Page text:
By Tiffany C. Priester ’04
I want to extend a big thank you to each alumnus who gave generously to one of the Alumni Association mission projects last year. We received a total of $27,420 in donations to use for our various mission projects. I am also encouraged by the small but growing number of alumni who have indicated they have an interest to volunteer abroad. One of our goals is to create a forum where our current missionaries can interact directly with our alumni and provide the dates they need cover or urgent needs and potentially even share interesting cases and get feedback.
Many, if not most, of our mission hospitals in the past century have often held the reputation as providing excellent health care — sometimes, the best health care available anywhere within the developing country in which they are located. As these countries become “urbanized” and medical tourism is flourishing, the “bar” for the standard of care to be provided has steadily been rising. Now, our mission hospitals are seeking not only general surgeons and primary care but also specialists. There is a need for surgical subspecialists, medical subspecialists, and intensive care units. Together with this, there is a shift to including additional formal training, such as ultrasound, tropical medicine, and obstetrics courses/fellowships, for missionaries who are headed out.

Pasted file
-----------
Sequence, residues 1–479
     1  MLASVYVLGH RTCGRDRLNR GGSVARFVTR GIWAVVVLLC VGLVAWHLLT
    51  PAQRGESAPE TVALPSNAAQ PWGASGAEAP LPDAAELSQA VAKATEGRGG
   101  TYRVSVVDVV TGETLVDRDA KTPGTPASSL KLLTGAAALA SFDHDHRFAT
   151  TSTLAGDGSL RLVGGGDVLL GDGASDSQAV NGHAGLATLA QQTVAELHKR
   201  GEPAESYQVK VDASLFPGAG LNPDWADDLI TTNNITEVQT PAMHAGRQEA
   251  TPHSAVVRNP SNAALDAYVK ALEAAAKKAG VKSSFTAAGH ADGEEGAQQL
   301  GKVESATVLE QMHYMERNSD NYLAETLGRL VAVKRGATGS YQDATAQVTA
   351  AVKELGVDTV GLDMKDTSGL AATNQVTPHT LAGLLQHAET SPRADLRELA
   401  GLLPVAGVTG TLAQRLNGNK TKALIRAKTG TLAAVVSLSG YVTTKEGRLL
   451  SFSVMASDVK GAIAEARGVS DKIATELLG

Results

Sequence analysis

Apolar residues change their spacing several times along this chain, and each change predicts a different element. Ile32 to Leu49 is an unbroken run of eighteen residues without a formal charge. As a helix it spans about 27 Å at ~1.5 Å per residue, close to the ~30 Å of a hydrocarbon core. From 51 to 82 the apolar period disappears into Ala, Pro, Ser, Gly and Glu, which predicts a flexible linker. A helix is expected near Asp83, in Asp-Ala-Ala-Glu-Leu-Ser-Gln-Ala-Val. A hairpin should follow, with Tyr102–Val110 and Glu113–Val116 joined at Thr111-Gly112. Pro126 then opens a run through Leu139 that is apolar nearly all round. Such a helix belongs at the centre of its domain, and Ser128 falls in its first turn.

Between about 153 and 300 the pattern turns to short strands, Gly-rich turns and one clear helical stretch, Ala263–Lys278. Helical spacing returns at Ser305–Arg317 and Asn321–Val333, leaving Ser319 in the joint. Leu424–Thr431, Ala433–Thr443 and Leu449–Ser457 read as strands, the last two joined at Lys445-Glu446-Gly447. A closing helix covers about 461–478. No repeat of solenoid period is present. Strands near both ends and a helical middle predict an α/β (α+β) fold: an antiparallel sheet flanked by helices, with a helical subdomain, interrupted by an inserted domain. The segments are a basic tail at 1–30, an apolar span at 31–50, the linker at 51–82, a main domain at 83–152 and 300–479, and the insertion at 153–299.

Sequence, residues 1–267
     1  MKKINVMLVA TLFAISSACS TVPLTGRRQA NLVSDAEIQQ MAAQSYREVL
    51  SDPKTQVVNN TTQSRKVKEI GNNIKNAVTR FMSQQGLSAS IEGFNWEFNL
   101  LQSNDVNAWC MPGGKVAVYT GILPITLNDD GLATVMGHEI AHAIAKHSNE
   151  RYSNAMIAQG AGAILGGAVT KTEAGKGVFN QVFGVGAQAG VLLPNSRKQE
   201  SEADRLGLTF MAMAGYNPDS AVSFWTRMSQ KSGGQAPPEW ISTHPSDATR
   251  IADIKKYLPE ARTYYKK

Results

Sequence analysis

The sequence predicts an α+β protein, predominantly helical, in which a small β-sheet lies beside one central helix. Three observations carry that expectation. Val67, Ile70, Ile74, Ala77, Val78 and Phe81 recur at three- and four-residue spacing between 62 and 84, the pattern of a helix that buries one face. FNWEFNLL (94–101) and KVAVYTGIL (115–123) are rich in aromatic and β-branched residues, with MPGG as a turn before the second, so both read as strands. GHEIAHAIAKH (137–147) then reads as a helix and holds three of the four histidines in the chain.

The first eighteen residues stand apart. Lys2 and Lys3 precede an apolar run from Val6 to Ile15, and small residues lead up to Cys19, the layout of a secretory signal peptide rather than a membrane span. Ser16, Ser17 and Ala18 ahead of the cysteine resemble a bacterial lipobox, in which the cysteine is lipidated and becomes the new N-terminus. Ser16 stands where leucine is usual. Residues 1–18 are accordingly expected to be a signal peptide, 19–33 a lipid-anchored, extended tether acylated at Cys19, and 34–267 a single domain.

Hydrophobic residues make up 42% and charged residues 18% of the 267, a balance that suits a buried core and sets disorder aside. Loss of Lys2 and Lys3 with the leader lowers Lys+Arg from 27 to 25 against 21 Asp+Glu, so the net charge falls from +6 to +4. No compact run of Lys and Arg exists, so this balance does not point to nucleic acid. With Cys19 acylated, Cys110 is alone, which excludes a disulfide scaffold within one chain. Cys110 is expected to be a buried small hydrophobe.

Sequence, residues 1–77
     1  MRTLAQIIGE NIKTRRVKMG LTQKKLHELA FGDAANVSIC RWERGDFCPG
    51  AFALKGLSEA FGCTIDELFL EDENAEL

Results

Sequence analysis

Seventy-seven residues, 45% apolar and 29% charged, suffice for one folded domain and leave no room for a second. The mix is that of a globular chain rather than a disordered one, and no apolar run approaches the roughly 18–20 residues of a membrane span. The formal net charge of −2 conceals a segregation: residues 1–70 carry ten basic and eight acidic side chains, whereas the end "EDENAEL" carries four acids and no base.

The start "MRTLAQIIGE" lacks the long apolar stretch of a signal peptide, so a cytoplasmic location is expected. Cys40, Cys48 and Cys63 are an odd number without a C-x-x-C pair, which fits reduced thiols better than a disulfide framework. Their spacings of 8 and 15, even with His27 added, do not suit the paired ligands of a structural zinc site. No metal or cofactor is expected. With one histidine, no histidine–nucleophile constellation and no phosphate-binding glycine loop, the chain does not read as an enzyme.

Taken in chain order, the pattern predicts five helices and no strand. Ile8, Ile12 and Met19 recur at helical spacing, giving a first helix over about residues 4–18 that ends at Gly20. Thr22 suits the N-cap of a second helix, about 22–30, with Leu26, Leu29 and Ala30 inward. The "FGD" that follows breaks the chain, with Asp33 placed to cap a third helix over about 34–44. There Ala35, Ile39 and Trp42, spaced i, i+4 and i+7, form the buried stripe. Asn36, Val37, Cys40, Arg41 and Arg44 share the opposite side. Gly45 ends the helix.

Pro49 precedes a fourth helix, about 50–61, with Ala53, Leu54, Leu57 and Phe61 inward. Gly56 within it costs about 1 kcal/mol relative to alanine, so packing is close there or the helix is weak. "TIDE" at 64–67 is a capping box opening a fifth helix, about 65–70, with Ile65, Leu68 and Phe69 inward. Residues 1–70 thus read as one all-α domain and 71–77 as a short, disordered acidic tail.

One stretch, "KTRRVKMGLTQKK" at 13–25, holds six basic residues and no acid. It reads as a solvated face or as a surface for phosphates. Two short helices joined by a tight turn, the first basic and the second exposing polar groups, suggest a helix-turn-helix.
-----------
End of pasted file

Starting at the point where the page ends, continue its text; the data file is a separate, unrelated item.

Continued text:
There is a new global surgery fellowship at Loma Linda University Medical Center to provide formal, more in-depth training in the surgical subspecialties to better prepare a mission surgeon to be “the only surgeon” around. In addition, a few of our hospitals are adding residency training programs in-country. What a great way to train the next generation in whole-person, evidence-based health care right where they are needed most!
My friend and fellow missionary Ryan Hayton ’05 knows what it’s like to be the only surgeon around. He writes: “Global surgery is centered on advocacy and initiatives aimed to create equity in surgical care and is based on the idea that everyone deserves access to safe surgery worldwide. With the development of Malamulo Adventist Hospital’s general surgery residency run by the nondenominational Pan-African Academy of Christian Surgeons (PAACS), the focus of Adventist mission surgery has been altered to include the ideal of training African surgeons who will be the next generation of compassionate, certified, and competent surgeons for African mission hospitals. Malamulo’s surgical program will be celebrating its first two graduates in July 2020. PAACS is undersigned by Loma Linda University and has been training surgeons in African mission hospitals since 1997, and this year it will graduate its 100th surgeon. The future is bright for surgery at mission hospitals as we foresee PAACS graduates working alongside missionary surgeons.”
While overall access to quality health care remains bleak in many developing countries, the future is looking brighter for a few. And you can help it get even brighter by supporting our alumni who are out in the field making it happen!
(AIMS has migrated from being an independent not-for-profit entity to being a council of the Alumni Association. We have maintained all previous board members who desired to continue with AIMS.)